Thursday, Sept. 29, 2022 |
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There’s a lot of agreement, but also major differences, between the two candidates running for Hawaii County’s top office.
Both agree county government needs to be more responsive, more transparent and work for the people instead of restricting them. Both see the need to improve solid waste and recycling programs, increase speed and efficiency in processing building permits and support agriculture and aquaculture for a more sustainable island. Both see tourism as an essential part of the economic mix.
With ballots set to be mailed to Hawaii Island voters Wednesday, the two finalists for Hawaii County mayor, Mitch Roth and Ikaika Marzo, are stepping up their outreach and spending the last dollars of their war chests hoping to claim the undecided voters and step into the office being vacated by Mayor Harry Kim on Dec. 7.
Some 30,237 voters in the primary voted for one of the other 13 candidates in the crowded field, leaving lots of votes up for grabs as the candidates head to the Nov. 3 general election.
Roth, the top vote-getter in the primary with 20,235 votes to Marzo’s 13,775, is also the top fund-raiser, bringing his contributions to $365,686 as of Sept. 26, according to filings with the state Campaign Spending Commission. Marzo had $127,610, with 44% of that coming from donors giving $100 or less. Roth’s small contributions were less than 5% of his total.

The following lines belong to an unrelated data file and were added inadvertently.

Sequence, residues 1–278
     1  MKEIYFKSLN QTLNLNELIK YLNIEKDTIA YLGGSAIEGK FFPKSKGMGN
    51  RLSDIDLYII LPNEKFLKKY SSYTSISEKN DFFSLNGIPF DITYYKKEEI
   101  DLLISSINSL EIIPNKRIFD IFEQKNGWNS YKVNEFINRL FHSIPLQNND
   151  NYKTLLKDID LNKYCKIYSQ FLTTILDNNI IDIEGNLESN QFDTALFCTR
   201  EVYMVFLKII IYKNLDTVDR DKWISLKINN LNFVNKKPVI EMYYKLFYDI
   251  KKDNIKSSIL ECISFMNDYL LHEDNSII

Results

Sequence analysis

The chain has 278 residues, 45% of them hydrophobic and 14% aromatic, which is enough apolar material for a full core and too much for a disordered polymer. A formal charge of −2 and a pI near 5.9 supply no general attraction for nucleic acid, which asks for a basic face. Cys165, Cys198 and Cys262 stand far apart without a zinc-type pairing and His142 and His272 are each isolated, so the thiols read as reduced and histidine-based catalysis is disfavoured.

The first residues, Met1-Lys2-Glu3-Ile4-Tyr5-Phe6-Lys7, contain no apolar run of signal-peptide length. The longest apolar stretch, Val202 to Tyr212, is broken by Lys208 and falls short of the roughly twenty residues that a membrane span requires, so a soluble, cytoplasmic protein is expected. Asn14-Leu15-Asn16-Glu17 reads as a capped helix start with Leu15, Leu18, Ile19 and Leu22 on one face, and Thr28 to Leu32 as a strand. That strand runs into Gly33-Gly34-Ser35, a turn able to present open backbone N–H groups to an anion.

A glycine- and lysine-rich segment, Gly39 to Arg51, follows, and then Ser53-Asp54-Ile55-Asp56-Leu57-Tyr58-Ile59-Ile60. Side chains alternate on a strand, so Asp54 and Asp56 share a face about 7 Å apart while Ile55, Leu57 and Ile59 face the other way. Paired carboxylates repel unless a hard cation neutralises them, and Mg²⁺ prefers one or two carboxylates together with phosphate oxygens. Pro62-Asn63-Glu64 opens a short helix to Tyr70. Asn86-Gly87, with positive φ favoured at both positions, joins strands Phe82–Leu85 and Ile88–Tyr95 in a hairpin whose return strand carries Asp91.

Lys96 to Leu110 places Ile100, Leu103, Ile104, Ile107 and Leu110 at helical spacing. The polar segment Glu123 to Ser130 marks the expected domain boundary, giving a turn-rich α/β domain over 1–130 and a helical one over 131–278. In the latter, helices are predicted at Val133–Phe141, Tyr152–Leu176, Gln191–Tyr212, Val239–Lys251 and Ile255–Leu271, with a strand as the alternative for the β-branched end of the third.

Roth, 56, who’s been county prosecutor since 2012, an islandwide elected position, worked in prosecutors’ offices on the Big Island and Oahu for more than a decade before that. He has a bachelor of science degree form the University of Hawaii at Manoa, and a law degrees from Whittier Law School in Los Angeles.
He sees his law degree as an advantage in executing county contracts, and his government experience, including creating and enforcing budgets and hiring and firing employees, as a plus. But he thinks government can do better, creating spaces for entrepreneurs and business incubators by improving technological infrastructure, for example.
“The way we do that is getting government out of the way, changing the philosophy of government to a government that helps people thrive and succeed versus controlling,” Roth said during a forum Thursday sponsored by the Big Island Press Club. “When we serve as government, we allow for creativity and great ideas to happen. When we control, we stifle creativity and it makes it very difficult to get people back to work.”
Marzo, 36, who graduated from Pahoa High School, is a licensed charter boat captain, commercial fisherman and cattle rancher who started his own cultural tourism business. During the 2018 eruption that sent lava into Puna, Marzo became a community organizer, founding Pu’uhonua o Puna, “the Hub,” a community relief center for lava evacuees.
Marzo’s regular updates on the lava activity made him a social media influencer. But it also gave him a less than positive view of government’s ability to respond to the crisis.